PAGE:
The magnitude of the wingroot bending moment is determined by three factors: the weight of the airplane, the number of G it is designed to withstand, and the distance between the wingroot attach point and the centroid of the lift on the wing. The larger any of these quantities become, the larger the wingroot bending moment becomes. The position of the centroid of lift is set by the planform and twist of the wing. The most important variable is the span, but once the span has been set, the wingroot bending moment is determined by the shape of the span loading curve. This is one area where tapering the wing can have a dramatic effect because of how taper affects the span load.
If every section of the wing were deflecting air through the same angle (constant downwash), the span loading would be elliptical, as we have already explained. If every section of the wing were flying at the same lift coefficient, then the span load would look like the planform of the wing. On a truly elliptical wing, both of these conditions are met. On a non-elliptical wing, the span load ends up somewhere between the elliptical (constant-downwash) loading and the planform-shaped (constant lift coefficient) loading.
A reasonable engineering approximation (called the Schrenk Approximation, after its inventor) to the span loading of an untwisted wing is that it is exactly halfway between the elliptic loading and the constant-lift coefficient loading. Schrenk’s Approximation, when adjusted properly for twist, provides a good enough estimate of the span loading of unswept wings for preliminary structural design, and it is simple enough to program quickly in a spreadsheet. The details can be found in NACA Technical Memorandum 948 (1940).
Figure 2 compares the span load (calculated using Schrenk’s Approximation) of a constant-chord wing and a tapered wing carrying the same load. The important thing to note is that the tapered wing is carrying more load near the root and less load near the tip. This means that the centroid of the lift on the tapered wing is inboard of that of the constant-chord wing. The lift is acting on the root through a shorter lever arm, so the wingroot bending moment is lower.
Figure 2: Effect of Taper on Lift Distribution.
For a given total lift, the constant-chord wing will exert more bending moment on the wingroot than the tapered wing because the lift load is centered further outboard. The spar must be stronger, and therefore heavier in order to resist this increased bending moment.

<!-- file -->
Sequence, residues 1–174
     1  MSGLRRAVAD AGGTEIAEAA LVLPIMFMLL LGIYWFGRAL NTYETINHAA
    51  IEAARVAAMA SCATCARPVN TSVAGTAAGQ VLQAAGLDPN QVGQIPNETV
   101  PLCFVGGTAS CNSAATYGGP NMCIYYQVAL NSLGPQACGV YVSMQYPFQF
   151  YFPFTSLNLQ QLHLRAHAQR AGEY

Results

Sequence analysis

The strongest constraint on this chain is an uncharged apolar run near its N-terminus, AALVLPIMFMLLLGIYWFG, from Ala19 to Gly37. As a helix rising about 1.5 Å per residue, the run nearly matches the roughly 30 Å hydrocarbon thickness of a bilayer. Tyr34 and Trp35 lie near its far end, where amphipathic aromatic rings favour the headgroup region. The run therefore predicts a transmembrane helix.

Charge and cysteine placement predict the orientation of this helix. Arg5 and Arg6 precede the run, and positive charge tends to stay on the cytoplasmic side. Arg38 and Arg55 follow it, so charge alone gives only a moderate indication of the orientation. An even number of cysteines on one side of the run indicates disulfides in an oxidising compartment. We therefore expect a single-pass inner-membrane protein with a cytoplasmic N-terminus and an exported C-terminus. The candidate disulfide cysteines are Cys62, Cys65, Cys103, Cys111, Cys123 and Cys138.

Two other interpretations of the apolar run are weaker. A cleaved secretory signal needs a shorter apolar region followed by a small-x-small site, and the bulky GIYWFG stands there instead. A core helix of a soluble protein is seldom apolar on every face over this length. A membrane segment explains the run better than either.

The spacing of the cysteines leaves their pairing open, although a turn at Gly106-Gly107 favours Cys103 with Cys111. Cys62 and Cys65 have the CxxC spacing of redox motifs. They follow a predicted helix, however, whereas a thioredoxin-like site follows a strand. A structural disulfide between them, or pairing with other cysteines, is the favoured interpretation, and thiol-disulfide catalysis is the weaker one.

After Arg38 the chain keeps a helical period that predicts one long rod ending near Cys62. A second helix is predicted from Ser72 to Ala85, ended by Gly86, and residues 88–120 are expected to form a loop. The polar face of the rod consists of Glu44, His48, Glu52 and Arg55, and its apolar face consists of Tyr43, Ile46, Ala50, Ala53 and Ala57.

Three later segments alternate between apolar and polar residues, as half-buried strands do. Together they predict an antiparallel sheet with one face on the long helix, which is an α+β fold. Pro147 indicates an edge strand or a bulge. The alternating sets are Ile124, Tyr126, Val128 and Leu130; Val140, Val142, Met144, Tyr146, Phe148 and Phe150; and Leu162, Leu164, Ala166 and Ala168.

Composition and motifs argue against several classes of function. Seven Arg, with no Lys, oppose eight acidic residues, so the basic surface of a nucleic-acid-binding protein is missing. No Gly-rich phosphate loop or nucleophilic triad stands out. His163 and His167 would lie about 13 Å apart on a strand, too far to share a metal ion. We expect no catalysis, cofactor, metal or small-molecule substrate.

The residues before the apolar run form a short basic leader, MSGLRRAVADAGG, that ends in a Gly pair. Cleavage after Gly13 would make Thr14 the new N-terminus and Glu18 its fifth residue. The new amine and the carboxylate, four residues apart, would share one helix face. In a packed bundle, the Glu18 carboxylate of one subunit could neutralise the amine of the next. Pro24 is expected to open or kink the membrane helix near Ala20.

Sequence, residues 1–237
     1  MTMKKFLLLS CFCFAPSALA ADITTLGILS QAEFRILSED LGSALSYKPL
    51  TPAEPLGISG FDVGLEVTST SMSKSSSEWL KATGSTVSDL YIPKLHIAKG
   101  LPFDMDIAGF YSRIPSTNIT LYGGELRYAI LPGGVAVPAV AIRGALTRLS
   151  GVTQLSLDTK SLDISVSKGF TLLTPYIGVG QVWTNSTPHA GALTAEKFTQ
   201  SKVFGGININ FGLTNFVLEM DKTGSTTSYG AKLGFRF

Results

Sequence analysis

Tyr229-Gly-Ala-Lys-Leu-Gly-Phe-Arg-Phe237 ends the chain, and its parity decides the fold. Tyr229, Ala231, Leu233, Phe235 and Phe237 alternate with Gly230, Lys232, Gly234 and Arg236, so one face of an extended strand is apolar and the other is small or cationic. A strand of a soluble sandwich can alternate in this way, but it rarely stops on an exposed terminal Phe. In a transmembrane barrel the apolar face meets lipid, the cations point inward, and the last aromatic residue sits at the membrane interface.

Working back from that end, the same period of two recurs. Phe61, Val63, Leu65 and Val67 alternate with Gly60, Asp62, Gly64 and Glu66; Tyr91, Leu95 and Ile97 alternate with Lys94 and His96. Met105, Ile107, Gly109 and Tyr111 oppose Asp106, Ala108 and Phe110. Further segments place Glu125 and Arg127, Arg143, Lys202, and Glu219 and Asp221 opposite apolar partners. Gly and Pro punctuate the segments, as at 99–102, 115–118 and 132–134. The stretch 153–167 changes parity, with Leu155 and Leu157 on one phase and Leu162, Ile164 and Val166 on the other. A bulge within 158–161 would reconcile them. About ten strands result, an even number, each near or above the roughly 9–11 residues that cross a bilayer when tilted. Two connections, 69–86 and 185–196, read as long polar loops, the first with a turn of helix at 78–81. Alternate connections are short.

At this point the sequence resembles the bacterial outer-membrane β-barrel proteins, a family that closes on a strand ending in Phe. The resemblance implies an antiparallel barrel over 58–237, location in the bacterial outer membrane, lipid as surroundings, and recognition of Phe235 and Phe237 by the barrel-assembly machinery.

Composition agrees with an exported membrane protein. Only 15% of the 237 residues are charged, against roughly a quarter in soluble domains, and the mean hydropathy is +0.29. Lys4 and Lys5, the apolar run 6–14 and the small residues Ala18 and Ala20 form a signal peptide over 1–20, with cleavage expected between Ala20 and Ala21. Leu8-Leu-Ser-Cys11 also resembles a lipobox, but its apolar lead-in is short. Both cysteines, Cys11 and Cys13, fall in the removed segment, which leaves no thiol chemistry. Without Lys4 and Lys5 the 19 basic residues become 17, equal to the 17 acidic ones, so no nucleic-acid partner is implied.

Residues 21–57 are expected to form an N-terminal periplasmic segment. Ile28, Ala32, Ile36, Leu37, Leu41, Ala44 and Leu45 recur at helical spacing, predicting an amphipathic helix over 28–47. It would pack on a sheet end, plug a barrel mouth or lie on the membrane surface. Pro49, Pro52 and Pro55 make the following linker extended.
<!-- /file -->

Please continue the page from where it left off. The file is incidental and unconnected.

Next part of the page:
The weight disadvantage of a constant-chord wing is increased by the fact that the root chord of a constant-chord wing will be less than the root chord of a tapered wing of the same area and aspect ratio. The root chord of the constant-chord wing is smaller, so the spar will be thinner because the thickness of the wing is a constant percentage of the chord. To carry the same bending moment, a thinner spar must have thicker caps and will therefore be heavier.
For airplanes of moderate gross weight and aspect ratio, the weight penalty of a constant-chord wing is small enough that this planform is a reasonable choice where ease and cost of manufacture are major considerations.
For a fixed wingspan, a wing with an elliptical span load has the lowest induced drag. If we look at wings of constant weight, however, the picture changes. Adjusting the span loading so that the centroid of lift is slightly farther inboard than that of an elliptical distribution will reduce the wing bending moment, making the wing lighter. If we then increase wingspan to match the original wingroot bending moment, we end up with a wing that has a slightly lower span efficiency but a slightly larger wingspan.
Induced drag drops proportionally to span squared and increases linearly with span efficiency, so it is possible to sacrifice a little span efficiency to increase span and come out ahead. At constant weight, the optimal wing will have a span load that is somewhat root-loaded compared to an elliptical distribution, and a slightly larger span.
Barnaby Wainfan is a principal aerodynamics engineer for Northrop Grumman’s Advanced Design organization. A private pilot with single engine and glider ratings, Barnaby has been involved in the design of unconventional airplanes including canards, joined wings, flying wings and some too strange to fall into any known category.